Cool technologies

Since the competitive aspect of Terminal has become significantly smaller due to there being no more prize money, I might try making more technically complex algo (if I have the motivation). But before I try anything, I want to know what is at my disposal. Is it possible to:

  1. Make permanent changes to an algo AFTER it has been uploaded.

I’ve tried a long time ago and I wasn’t able to pull it off. I tried uploading the algo with a text file in it that I would open and write in. It didn’t work so I tried uploading the algo with a separate .py file and changing it but that didn’t work either. I presumed that Terminal made a copy of my file and used that to fight so I tried to look through the directory but because of security, I didn’t go far.

  1. Access the internet.

I first tried when trying to make permanent changes by using some external database. I read somewhere that they actually restricted network access but I don’t think I found a primary source. I tried sending an email with a built-in library and it didn’t work and it didn’t work so it is probably true (should’ve tried something simpler but I digress).

  1. Hijack the engine.jar mid-game to simulate moves faster.

I’ve never tried this one but if it can be done, that would be very interesting to develop turn simulators if there is a built-in one that can be used.

So that’s everything I could think of from the top of my head. If there is some other technology that would be interesting to use, I would like to hear about it. Thanks in advance!!

As far as I know, all these options are not possible. But, for option 3, it is possible to write your own turn simulator that is faster than engine.jar


Yeah haha, those options (especially the internet access) was banned after season 1 due to @16daystocode and their weird strategy.
You can read about it here:

But maybe we could activate it again, since it’s not as competitve as it used to be.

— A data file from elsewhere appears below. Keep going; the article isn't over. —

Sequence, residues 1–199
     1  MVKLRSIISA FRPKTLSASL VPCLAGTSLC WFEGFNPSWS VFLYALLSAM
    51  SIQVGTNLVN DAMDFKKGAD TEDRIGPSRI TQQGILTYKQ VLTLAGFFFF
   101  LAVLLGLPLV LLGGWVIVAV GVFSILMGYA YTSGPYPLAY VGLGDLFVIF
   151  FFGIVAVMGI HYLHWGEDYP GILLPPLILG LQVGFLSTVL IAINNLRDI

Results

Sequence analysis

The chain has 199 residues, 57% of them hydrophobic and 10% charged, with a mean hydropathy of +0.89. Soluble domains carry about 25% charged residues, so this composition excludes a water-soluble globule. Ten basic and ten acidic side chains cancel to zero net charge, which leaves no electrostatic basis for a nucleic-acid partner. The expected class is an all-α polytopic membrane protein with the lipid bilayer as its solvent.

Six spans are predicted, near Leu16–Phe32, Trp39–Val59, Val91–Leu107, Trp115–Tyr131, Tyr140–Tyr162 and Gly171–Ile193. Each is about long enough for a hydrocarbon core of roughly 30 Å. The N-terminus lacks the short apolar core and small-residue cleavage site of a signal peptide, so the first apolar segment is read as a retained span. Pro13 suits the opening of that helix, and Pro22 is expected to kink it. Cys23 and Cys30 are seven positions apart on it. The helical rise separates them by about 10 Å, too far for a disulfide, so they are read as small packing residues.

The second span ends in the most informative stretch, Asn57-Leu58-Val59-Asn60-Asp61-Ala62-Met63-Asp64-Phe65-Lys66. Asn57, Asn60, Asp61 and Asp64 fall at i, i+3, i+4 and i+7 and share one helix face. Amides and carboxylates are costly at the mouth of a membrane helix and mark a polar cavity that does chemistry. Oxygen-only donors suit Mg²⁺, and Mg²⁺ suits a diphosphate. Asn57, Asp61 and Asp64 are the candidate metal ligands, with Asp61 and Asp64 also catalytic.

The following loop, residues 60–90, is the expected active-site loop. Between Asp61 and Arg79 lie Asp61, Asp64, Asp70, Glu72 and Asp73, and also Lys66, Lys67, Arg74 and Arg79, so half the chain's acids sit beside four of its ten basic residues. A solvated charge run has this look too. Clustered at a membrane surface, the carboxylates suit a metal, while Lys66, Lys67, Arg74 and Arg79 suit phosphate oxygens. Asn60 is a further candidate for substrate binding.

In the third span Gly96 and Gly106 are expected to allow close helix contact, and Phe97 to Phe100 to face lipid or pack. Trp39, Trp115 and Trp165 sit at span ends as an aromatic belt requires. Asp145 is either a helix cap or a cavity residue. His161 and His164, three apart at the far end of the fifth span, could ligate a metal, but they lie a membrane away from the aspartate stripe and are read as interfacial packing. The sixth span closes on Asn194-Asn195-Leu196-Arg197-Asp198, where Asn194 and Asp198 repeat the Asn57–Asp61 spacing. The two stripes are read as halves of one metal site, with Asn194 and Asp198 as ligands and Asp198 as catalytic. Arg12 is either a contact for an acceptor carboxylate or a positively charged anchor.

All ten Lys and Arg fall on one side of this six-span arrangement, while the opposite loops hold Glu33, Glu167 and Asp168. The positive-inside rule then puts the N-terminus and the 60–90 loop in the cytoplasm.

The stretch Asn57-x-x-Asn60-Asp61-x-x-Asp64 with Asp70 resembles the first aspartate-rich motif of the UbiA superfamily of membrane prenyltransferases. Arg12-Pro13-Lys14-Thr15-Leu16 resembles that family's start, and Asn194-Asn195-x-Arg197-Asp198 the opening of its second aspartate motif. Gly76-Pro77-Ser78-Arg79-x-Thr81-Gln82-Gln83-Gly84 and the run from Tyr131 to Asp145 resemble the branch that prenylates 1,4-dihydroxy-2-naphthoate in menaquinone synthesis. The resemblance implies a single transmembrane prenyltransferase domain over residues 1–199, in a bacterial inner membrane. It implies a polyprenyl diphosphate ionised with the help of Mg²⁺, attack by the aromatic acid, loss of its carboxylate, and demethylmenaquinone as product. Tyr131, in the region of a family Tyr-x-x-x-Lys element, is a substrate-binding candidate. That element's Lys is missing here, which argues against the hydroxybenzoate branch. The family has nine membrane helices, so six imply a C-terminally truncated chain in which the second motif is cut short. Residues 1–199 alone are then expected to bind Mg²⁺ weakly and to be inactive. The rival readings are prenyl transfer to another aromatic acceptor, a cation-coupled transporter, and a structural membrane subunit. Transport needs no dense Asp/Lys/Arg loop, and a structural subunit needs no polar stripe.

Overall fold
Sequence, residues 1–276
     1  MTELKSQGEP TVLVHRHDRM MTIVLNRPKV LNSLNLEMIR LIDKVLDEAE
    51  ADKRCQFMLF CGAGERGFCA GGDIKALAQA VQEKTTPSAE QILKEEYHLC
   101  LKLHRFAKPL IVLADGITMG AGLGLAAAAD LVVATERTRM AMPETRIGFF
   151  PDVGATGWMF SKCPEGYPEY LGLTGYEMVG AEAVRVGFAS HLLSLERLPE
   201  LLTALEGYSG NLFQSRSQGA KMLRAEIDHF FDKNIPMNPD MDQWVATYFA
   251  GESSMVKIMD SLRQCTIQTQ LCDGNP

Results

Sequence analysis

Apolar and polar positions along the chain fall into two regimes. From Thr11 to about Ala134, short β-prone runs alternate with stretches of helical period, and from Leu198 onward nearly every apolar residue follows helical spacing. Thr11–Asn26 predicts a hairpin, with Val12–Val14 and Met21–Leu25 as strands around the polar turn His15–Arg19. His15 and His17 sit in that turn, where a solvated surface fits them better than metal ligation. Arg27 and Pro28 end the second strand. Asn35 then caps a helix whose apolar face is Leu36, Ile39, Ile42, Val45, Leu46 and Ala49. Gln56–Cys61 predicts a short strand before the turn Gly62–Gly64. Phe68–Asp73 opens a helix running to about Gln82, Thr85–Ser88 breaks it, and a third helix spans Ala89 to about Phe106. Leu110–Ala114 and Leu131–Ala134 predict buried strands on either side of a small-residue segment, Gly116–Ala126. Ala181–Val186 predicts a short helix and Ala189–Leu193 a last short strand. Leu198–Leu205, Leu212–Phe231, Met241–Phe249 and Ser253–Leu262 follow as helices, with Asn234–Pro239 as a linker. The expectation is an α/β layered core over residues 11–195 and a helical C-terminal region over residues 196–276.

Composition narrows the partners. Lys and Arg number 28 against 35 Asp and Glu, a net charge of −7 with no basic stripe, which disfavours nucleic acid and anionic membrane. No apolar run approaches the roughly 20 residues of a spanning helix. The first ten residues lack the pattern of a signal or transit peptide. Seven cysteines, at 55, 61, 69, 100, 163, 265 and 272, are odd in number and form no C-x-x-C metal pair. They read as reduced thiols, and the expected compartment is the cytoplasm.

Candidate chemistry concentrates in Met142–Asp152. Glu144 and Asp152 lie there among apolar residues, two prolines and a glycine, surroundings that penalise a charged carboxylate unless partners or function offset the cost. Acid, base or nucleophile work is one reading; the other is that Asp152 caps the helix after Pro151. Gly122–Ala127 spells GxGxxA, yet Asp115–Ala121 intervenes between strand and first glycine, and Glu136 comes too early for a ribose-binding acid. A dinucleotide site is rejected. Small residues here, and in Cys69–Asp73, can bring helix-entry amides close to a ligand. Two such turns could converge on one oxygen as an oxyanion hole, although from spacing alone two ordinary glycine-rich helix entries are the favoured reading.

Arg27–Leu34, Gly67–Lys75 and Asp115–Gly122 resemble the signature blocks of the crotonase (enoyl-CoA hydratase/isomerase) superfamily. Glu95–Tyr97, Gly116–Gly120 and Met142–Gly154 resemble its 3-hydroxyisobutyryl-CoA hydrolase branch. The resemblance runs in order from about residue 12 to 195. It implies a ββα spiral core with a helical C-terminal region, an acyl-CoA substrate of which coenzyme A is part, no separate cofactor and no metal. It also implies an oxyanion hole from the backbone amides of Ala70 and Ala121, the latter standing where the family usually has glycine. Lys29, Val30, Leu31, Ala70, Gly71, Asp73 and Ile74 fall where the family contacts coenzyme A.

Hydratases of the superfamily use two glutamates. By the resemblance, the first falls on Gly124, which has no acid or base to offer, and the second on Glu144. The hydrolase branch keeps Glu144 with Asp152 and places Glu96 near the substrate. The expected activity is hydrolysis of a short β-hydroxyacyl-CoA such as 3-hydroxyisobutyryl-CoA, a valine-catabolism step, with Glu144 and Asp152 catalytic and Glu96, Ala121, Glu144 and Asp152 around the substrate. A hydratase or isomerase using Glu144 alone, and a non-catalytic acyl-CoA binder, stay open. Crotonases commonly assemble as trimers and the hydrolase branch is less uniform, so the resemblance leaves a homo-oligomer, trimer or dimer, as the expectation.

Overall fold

I recommend this line as well

We don’t have plans to restore internet access to algos

To be honest, I just added the 3rd one to be nice and rounded.

Time is irelevant.

  1. if you need to make a file change to adjust for something specific that just happened:
  • submit an algo
  • run a script to dowload all the algo replays (put it on a timer)
  • pars the replay, and if you find something important, adjust your algo settings and and report for reupload.

2.if you need a database of replay … just collect it locally, filter it minimize it and upload it with your algo. update it overtime.

  1. if you need a turn similator just use the default one, it gives you around 15 simple sims (in 6 sec),
    if you spend 2 hours optimizing it on it it can be optimized to do 50 sums.
    if you spend 200-2000 hours to build and optimize a real simulator 100-2000 full sims …
    Do you really have a strong usecase where you can get value from 100 full sims ?
    If not … there are more usefull tools you can put your time in.

There is a default turn simulator?

Simulators can go a little faster than that. I was curious so I timed mine just now. Mint_22 does 7778 attack simulations every turn, but the amount of time taken can actually vary a lot, depending on what happens in the simulation. In the one game I looked at (running on the actual servers) it took anywhere from 1-3s, which translates to 2600-7800 simulations/second.

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Damn that’s pretty fast.Mine only does around 200-300.
It can go even faster though, I remember @arnby doing up to 60000 simulations per turn (he was using C++ though)

My turn simulators were never that fast. My algos in the current season only do 5 or 6 simulations per turn. This shows that you don’t necessarily need a fast simulator to do well.

But I guess for very adaptiva algos like the ones from @acshikh it needs to be much faster to make such things possible.

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I compared my simulator’s speed to Max’s at one point earlier in the season and mine was twice as fast at that point. Yeah, I use it a ton! Although I’ve more recently been trying to give it more structures to lean on. My code’s biggest flaw in general has been being too dynamic and not specific enough for the meta of the top 10 or other specialized strategies.